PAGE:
Thursday, March 31, 2016

A reminder of how soul-restoring a simple walk can be

Avalon Pond, Everett Crowley Park.
So I'm sitting at home, looking out the window at the birds flitting about at the numerous feeders in 
our yard, with two of our three parrots sitting on the same time, I'm scrolling through the Facebook newsfeed on my iPhone.

I come upon a post in a group I belong to, "The Best Reasons for You to Walk in a Park," by Erin Acton. Now it turns out Wednesday was "National Take a Walk in a Park Day" (yes, there is such a day, I looked it up, there are plenty of websites dedicated to the topic.) I start reading the blog post, watching her video, and it start to resonate with me.

I'd been having a bad week, no, make that a bad week-and-a-half up to that point, one of those weeks where nothing seems to work or go one's way. It was starting to get depressing. But Erin's well-sourced suggestions about how a walk in nature, getting out in nature, can really help alleviate stress, struck a chord in me.

Not that I didn't know that already, but it's like I needed a nudge, a reminder, that taking a few hours out of the day to go for a walk, aside from the physical health benefits, offers larger benefits for the soul.

It's like I forgot what Henry David Thoreau wrote in his treatise, "Walking" on the matter:

“I think that I cannot preserve my health and spirits, unless I spend four hours a day, at least... sauntering through the woods and over the hills and fields, absolutely free from all worldly engagements."
Thoreau and Emerson had it right.
Again, it's not like I was re-inventing the wheel; I just had to decided enough was enough, I needed to get out and get some fresh air, a bit of exercise (which I'd been neglecting the past several days for a variety of reasons), and commune with nature, albeit in an urban setting.

So I packed up my camera and tripod, and headed off to Everett Crowley Park, a 40-hectare park barely a five-minute drive from where I live, less than 500 metres from busy SE Marine Drive in Vancouver. I've been there before, but hadn't visited since 2008.

It has changed a little; there is an additional trail that has been cut, parallel to an existing one. One of the things I do remember is a lookout along the Vista Trail, which provides a view of the Fraser River, less than a kilometre to the south. When I was last there eight or nine years ago, that portion of the river was all trees and other greenery; it's now all buildings and development along the shoreline. A bit sad, since I don't necessarily agree that's "progress." So far, the walk wasn't really lifting my spirits as I'd hoped it might.

But, I persisted on and a few minutes later down the trail, the magic of nature started to re-emerge.

I heard a woodpecker hammering away on a tree nearby. I located it, high overhead. Then I heard a chirping in the brush near the trail, the unmistakable sound of a hummingbird. Never managed to spot it, though.

Then still higher overhead, a hawk glided by, returning in the opposite direction a few minutes later.

Further along the trail, off to the left about 30 metres away sat a hawk on a tree branch. Of course, the bird flew away before I could get set up to shoot some photos, but it was still magical.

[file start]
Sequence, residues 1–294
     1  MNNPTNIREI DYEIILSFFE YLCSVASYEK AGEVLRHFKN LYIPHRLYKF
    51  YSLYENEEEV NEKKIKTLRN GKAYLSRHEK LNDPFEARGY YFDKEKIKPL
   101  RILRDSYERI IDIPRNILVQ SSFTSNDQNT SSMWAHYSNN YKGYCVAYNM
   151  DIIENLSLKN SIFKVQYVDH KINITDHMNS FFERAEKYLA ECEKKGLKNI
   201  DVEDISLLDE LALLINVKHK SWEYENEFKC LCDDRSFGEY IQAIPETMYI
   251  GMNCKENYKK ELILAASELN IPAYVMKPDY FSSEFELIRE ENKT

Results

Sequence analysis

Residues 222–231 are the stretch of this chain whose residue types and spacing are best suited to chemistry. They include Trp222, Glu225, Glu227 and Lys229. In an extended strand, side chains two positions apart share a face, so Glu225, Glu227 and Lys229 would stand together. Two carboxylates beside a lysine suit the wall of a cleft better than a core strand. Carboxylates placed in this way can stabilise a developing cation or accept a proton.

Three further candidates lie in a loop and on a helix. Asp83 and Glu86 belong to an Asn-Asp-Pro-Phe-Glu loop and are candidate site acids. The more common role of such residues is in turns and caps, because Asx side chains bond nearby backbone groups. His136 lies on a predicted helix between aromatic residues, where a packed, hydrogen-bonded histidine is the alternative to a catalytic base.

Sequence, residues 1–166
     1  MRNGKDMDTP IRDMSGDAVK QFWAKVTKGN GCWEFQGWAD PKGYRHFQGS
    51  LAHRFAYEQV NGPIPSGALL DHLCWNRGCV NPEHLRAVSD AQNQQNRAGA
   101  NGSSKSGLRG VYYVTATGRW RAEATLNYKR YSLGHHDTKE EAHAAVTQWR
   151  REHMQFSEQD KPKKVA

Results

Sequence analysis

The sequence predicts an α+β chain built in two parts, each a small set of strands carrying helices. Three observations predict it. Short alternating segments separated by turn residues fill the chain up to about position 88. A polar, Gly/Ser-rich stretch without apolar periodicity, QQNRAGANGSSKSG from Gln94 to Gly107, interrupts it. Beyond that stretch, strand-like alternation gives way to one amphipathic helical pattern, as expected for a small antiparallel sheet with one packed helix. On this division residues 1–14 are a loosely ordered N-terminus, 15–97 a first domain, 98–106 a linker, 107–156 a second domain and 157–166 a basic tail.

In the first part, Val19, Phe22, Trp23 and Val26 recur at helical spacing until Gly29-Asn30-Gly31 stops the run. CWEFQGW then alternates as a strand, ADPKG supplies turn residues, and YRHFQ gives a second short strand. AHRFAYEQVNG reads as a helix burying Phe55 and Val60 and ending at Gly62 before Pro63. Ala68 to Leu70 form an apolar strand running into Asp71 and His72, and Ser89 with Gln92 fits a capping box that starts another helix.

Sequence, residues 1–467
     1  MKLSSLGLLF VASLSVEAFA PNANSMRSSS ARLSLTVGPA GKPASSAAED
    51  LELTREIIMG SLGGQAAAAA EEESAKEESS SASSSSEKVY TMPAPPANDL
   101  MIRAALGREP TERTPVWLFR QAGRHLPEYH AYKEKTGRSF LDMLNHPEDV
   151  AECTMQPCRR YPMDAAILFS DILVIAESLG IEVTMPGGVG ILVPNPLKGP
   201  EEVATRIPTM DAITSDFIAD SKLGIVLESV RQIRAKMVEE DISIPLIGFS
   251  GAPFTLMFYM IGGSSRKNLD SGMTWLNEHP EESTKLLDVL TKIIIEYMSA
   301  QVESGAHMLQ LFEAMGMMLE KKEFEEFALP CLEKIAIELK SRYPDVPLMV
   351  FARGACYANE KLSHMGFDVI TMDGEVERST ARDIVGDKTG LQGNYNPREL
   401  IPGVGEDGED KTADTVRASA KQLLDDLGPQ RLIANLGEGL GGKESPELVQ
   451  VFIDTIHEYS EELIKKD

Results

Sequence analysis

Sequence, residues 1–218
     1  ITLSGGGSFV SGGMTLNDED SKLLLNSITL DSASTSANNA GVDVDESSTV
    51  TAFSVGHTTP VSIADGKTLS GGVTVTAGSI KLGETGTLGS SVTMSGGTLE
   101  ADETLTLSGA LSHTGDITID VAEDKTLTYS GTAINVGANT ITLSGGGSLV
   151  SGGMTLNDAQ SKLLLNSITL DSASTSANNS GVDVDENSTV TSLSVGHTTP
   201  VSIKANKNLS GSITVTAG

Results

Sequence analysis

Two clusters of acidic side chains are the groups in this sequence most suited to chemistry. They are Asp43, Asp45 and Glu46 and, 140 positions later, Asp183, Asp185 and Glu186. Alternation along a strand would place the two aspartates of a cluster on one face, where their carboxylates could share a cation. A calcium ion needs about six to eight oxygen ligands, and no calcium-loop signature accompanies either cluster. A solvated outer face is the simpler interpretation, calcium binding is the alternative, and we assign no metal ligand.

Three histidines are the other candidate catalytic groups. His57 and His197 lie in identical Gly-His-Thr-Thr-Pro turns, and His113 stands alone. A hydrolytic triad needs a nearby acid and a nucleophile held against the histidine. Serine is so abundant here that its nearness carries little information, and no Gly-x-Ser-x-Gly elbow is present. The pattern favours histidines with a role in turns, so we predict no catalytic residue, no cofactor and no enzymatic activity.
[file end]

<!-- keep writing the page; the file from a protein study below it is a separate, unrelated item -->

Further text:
Eventually, I made my way over to Avalon Pond at the northeast corner of the park. There were always ducks there - usually mallards - and I'd even seen a heron there, once, high up in a tree.

The mallards were there...and so were a pair of mated buffleheads.

A male bufflehead patrols the pond.

Buffleheads are really cool diving ducks. Smaller than mallards and very unique looking. Plus, it's just a cool word to say - "bufflehead."

 Try it. Say it out loud a few times. It almost sounds like the kind of insulting name Bugs Bunny would call Daffy Duck in the old Loony Tunes cartoons.

But it's not - it's the common name for Bucephala albeola. A friend of mine calls them "saddle shoe ducks," which gives you an idea of what they look like, if you didn't already know.

Anyway, I tried shooting some photos and video from a trail that ran alongside the pond, then found a spot at one end where I could sit down a log, set up my tripod in an easy-access position and took the better part of an hour watching them swim and dive back and forth among the mallards. I even got a few good shots.

The mallards always seem friendly at Avalon.

Letting go, breathing - really breathing - I could feel a sense of peace and perspective start to take root in my being. I noticed some of the songbirds flitting about in the bushes around me. I spotted several hummingbirds and out of the corner of my eye a larger bird dodging about in the hardwoods 50 yards away (maybe a pileated woodpecker?)

That two hours I spent did wonders for me - other responsibilities kept me from a four-hour sojourn as Dr. Thoreau prescribed - got me back on the rail properly, which I was in danger of falling off (and with the fall, could a potential train-wreck be far off?)

Walking back to my car, doing some shopping for groceries, talking with people I met - it all just seemed better, following my walk.

While I enjoy watching the visitors to the birdfeeders in our yard immensely, sometimes a walk rewards one with different kinds of benefits. I resolved not to let it get to this point again, to take time to re-connect with nature via a walk in the woods, not just from my living room window.

And next time, I don't think I'll wait another eight years to go back to that little park that can offer such a balm for my soul.

Trail map for Everett Crowley Park.

Thursday, March 24, 2016

New film provides a look at our birds and their journeys

What is the future for songbirds like chickadees?
I had the opportunity this past week to see an amazing new film, a documentary about birds. The film was called The Messenger.

Now the reason it was called that is mentioned in the film's beginning and reiterated once or twice as throughout the film.